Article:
Most people know that incorporation protects business owners from personal liability. Anyone who wants to sue over a business-related debt or injury must go after the corporate entity, not the personal assets (cars, homes, or bank accounts) of its owners. It's an important protection, given the range of possible lawsuits against businesses—perhaps by a disgruntled employee claiming wrongful termination, an unhappy vendor claiming breach of a contract, or a visitor who was injured on the front walk.
But do nonprofit corporations enjoy similar protections for their staff, board members, and officers? Fear of personal liability stops many people from joining boards of directors at all—although the number who have actually been sued is quite small. The news is good for nonprofits, though with certain exceptions. Once your organization is incorporated, its directors or trustees, officers, employees, and members usually won't be on the hook personally for the nonprofit's debts or liabilities. That includes unpaid organizational debts and unsatisfied court judgments against the nonprofit.
Let's take a closer look at the extent of nonprofit board members' protection from personal liability.
Consider, for example, a nonprofit symphony that's sued by an audience member who, during intermission, falls because of a poorly maintained staircase railing.
If the court finds in favor of the audience member, it could issue a judgment against the nonprofit for a large amount—perhaps greater than the nonprofit's insurance coverage. The amount of the judgment becomes a debt of the nonprofit corporation. But thanks to its corporate status, the nonprofit's directors, officers, and members are not personally responsible for paying that debt.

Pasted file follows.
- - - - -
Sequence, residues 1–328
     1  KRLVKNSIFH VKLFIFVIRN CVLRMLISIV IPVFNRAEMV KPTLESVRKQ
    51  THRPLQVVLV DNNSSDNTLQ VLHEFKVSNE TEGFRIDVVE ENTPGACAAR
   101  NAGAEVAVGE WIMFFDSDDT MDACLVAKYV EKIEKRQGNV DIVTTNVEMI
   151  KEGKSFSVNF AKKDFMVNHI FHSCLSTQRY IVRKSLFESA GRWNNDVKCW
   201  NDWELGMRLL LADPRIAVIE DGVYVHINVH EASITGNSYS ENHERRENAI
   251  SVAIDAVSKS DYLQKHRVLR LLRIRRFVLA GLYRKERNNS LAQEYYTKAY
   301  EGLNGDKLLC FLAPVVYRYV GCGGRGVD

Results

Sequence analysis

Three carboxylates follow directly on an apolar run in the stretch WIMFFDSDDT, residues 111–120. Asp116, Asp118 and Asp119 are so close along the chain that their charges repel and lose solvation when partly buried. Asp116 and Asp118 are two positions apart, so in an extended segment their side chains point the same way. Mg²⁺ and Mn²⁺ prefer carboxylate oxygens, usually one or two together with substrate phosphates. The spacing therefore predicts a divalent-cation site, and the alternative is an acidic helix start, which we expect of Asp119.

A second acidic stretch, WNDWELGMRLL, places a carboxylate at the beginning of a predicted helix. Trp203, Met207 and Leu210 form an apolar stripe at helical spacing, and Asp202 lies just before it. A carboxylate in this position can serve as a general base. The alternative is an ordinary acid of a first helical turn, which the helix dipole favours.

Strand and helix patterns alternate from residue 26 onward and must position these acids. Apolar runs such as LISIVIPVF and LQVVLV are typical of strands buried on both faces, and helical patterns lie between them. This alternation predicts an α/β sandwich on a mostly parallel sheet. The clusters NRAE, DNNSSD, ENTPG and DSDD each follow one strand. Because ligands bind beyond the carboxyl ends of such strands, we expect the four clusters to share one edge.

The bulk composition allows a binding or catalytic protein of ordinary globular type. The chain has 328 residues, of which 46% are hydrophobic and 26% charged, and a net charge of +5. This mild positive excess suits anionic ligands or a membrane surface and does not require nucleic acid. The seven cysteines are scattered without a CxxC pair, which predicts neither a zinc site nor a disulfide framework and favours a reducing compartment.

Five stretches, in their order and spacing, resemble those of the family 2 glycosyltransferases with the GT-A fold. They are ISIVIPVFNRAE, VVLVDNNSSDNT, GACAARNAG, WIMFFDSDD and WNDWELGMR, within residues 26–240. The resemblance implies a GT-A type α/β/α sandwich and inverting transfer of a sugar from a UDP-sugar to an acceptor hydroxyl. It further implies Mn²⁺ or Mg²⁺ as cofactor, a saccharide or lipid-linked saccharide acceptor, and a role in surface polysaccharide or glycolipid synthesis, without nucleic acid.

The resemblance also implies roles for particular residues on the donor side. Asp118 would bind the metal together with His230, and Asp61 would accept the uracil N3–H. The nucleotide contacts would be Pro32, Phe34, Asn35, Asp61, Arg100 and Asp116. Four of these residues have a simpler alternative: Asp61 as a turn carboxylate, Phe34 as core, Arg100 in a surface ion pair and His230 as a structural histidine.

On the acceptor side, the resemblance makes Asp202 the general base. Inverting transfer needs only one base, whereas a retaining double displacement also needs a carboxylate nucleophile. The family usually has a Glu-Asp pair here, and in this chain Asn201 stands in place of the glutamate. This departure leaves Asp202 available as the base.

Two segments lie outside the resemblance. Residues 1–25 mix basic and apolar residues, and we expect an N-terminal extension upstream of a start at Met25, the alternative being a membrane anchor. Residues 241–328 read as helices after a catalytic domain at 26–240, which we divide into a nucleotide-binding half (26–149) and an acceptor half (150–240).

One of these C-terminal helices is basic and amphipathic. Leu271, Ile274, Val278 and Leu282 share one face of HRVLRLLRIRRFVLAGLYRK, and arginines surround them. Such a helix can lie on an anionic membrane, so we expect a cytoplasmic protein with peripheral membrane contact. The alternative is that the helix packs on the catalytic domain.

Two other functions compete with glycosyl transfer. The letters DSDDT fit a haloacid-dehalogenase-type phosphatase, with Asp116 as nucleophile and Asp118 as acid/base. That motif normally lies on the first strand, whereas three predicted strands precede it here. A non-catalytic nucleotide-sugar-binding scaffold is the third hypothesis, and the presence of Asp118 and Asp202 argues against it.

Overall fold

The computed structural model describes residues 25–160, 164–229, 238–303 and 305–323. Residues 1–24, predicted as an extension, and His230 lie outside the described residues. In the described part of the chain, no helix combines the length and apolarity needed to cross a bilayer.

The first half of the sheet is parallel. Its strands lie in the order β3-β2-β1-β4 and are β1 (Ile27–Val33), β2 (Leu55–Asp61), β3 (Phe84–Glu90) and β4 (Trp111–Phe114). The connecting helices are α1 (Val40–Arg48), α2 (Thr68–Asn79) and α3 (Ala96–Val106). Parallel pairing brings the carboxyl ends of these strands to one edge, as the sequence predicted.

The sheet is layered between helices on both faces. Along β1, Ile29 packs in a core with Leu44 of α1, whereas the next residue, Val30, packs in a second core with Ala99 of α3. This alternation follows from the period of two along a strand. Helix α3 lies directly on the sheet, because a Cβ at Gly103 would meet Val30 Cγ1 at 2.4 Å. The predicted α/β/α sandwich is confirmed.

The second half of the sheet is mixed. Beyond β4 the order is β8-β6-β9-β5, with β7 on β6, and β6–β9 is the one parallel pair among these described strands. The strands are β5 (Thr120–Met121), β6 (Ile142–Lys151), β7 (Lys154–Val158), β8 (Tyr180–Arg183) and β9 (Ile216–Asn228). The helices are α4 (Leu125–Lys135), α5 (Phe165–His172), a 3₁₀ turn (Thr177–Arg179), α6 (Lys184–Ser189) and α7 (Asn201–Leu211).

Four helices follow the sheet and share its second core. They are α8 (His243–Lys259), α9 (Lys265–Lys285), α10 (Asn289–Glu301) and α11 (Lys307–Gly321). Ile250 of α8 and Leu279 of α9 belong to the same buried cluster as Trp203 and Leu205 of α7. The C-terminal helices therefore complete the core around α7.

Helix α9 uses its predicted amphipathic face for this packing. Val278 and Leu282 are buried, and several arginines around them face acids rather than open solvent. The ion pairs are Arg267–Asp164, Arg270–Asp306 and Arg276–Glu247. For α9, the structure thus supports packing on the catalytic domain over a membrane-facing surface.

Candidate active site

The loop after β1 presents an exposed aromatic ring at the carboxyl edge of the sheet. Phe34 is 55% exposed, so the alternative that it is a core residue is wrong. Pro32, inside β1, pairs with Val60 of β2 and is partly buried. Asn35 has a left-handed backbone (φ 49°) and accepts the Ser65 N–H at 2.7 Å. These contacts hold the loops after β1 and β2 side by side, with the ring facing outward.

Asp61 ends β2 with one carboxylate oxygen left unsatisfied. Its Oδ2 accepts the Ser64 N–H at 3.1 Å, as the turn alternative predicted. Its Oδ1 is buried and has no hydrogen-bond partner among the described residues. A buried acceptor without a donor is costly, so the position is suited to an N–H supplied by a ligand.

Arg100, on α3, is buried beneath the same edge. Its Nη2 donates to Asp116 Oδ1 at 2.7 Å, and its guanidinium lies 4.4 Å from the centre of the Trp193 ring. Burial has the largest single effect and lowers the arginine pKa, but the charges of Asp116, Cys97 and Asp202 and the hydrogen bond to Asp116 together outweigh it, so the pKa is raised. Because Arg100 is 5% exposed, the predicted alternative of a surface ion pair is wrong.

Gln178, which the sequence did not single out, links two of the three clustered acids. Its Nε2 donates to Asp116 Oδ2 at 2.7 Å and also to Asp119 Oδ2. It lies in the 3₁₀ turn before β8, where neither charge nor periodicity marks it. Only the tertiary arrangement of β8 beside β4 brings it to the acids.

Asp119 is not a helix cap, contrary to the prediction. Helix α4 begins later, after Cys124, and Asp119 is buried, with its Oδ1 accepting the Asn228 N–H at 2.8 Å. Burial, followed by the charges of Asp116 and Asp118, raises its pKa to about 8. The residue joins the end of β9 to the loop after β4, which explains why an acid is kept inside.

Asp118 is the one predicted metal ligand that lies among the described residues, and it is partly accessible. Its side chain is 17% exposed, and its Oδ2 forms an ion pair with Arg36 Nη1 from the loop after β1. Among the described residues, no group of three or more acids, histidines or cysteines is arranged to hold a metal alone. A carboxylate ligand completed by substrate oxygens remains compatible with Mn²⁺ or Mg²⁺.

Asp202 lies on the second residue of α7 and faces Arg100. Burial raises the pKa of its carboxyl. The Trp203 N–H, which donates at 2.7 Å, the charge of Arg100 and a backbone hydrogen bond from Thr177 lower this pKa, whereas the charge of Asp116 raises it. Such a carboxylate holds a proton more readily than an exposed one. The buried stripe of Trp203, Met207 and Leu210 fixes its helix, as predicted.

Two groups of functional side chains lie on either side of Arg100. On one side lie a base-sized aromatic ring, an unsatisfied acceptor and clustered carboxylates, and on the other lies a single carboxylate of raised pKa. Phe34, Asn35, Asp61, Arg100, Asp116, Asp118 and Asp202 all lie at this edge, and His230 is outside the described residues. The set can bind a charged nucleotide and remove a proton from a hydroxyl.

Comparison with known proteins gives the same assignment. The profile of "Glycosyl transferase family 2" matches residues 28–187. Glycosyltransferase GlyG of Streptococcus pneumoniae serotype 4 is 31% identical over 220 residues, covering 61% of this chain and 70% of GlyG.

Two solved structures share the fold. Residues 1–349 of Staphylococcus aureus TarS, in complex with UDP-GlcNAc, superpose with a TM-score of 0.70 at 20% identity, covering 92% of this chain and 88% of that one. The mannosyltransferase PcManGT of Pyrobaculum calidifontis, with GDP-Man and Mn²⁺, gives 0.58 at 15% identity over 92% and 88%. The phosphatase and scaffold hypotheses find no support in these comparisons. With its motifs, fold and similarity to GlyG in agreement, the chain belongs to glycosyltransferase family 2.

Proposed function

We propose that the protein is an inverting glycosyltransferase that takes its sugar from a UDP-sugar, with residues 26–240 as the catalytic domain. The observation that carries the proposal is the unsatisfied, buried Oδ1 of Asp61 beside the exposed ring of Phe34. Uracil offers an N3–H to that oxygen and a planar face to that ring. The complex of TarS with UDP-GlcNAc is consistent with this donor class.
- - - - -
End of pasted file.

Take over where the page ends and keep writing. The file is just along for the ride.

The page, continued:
By contrast, if an unincorporated association of musicians owned the premises, the principals of the unincorporated group could be required to pay the judgment amount out of their own pockets—thus putting their personal assets at risk. (Some states' laws, however, offer protection to people affiliated with unincorporated associations.)
In a few situations, people involved with a nonprofit corporation can be held personally liable for its debts. Directors or officers of nonprofit corporations can be held personally liable if they:
To cover some (but not all) of these exceptions, reasonably priced insurance is available to protect the nonprofit and its volunteer directors and officers. Also, the federal Volunteer Protection Act (VPA) and a number of states' laws (in California, Massachusetts, and New York, for example) offer qualified immunity or similar protection from liability for volunteers who essentially acted in good faith and in the best interests of the organization.
Looking for a map that will put your nonprofit on the road to success? Get Starting & Building a Nonprofit: A Practical Guide, by Peri H. Pakroo, J.D. (Nolo).